So what was going on in the last example?
A standard program works by executing one line of code at a time, starting from the main function (or “program” function in Fortran) and working down line by line. This single thread of execution is known as the
main thread. All programs have a single
main thread, and in most programs, this is the only thread of execution, hence why the program can only do one thing at a time.
hello_openmp program also has a single
main thread of execution. However, this
main thread is split into a team of threads within the OpenMP parallel section. Each parallel thread in the team executes all of the code in the parallel section, hence each thread executes the line of code that prints
We can see this more clearly by getting each thread to identify itself. Please copy the code from one of these examples to create the executable hello_threads.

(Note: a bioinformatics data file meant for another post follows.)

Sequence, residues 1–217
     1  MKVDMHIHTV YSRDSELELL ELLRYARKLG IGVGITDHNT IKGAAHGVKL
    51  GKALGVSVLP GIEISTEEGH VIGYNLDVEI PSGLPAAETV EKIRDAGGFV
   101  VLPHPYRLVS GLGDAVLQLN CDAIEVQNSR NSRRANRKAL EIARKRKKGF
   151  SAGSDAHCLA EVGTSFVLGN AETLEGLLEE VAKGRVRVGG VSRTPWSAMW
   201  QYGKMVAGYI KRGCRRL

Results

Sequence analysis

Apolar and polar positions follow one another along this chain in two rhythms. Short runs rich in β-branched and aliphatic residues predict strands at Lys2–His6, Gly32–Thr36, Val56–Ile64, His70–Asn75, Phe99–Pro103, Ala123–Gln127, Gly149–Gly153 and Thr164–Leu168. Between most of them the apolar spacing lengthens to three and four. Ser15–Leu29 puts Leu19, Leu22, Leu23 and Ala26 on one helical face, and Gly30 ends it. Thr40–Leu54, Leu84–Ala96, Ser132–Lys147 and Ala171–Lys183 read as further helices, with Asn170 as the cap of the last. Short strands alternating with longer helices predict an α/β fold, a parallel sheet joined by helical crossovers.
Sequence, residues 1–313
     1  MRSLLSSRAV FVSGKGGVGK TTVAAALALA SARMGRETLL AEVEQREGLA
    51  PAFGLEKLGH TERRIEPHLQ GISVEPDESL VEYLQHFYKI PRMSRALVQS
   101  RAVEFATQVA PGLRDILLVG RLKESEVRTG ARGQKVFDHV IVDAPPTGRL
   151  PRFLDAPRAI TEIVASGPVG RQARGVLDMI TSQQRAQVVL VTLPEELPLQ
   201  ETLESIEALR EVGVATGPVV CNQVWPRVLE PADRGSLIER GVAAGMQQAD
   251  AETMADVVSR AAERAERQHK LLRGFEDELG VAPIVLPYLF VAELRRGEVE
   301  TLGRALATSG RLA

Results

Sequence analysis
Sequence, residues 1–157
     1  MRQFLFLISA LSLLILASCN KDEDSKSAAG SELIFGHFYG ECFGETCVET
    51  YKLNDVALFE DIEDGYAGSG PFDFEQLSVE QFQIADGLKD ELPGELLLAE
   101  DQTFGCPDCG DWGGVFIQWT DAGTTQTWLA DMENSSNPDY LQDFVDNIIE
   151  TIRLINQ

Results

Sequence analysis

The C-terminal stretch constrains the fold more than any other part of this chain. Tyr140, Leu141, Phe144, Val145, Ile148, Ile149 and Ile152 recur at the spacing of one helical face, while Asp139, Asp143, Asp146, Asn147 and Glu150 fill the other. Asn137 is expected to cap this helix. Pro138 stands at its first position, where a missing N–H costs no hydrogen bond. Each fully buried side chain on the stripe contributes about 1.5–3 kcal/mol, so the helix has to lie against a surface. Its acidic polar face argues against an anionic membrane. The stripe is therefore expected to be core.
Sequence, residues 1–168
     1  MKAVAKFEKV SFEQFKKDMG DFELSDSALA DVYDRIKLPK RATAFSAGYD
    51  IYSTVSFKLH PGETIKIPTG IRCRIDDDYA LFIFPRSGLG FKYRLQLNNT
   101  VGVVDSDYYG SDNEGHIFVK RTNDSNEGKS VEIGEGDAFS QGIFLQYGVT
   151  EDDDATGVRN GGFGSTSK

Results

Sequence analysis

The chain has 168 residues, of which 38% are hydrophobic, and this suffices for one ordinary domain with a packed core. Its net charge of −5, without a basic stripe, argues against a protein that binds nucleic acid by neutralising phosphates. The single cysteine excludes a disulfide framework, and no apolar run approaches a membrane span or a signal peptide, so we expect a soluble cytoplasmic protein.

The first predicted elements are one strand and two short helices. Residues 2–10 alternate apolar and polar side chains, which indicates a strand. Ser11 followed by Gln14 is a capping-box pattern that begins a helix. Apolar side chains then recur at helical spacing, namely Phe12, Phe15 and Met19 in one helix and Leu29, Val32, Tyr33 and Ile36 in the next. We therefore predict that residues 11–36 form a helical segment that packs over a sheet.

Try running this executable using different values of
The OpenMP parallel section is specified by using compiler directives. These directives (also called compiler pragmas) are instructions to the compiler to tell it how to create the team of threads, and to help tell the compiler how to assign threads to tasks. These OpenMP directives are only followed if the program is compiled with OpenMP support. If the program is compiled without OpenMP support, then they are ignored.
There are several OpenMP directives. This course will cover the basic usage of just a selection;
parallel: Used to create a parallel block of code which will be executed by a team of threads
sections: Used to specify different sections of the code that can be run in parallel by different threads.
do(Fortran) : Used to specify loops where different iterations of the loop are performed by different threads.
critical: Used to specify a block of code that can only be run by one thread at a time.
reduction: Used to combine (reduce) the results of several local calculations into a single result
Pragmas are added to the code using either;
#pragma omp name_of_directive
in C or C++, or using;
at the start of the line in fixed-format Fortran, or using;
anywhere in the line using free-format Fortran.